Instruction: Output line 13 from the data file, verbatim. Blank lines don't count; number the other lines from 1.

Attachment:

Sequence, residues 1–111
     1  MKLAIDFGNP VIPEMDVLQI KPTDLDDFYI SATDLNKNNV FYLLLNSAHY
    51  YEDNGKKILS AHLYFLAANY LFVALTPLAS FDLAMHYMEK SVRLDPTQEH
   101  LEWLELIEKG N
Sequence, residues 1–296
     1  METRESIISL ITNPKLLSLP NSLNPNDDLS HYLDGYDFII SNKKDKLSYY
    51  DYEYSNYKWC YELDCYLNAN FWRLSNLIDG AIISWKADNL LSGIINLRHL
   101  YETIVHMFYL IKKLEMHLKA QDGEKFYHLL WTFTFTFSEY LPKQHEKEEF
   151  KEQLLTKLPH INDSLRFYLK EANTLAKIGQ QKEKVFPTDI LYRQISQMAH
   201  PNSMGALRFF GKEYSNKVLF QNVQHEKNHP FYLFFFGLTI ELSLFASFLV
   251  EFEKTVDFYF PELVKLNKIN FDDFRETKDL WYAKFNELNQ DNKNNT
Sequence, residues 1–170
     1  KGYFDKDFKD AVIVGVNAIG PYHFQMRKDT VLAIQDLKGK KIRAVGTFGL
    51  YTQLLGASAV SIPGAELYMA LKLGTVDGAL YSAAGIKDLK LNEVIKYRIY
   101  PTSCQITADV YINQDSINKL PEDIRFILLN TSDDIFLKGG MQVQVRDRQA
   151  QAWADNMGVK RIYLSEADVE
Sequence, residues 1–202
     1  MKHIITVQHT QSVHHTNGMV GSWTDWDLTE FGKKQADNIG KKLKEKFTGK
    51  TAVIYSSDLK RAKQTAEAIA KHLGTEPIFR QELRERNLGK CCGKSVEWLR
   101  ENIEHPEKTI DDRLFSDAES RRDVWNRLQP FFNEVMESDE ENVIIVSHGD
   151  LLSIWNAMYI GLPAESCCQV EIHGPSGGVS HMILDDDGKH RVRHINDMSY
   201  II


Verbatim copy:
     1  KGYFDKDFKD AVIVGVNAIG PYHFQMRKDT VLAIQDLKGK KIRAVGTFGL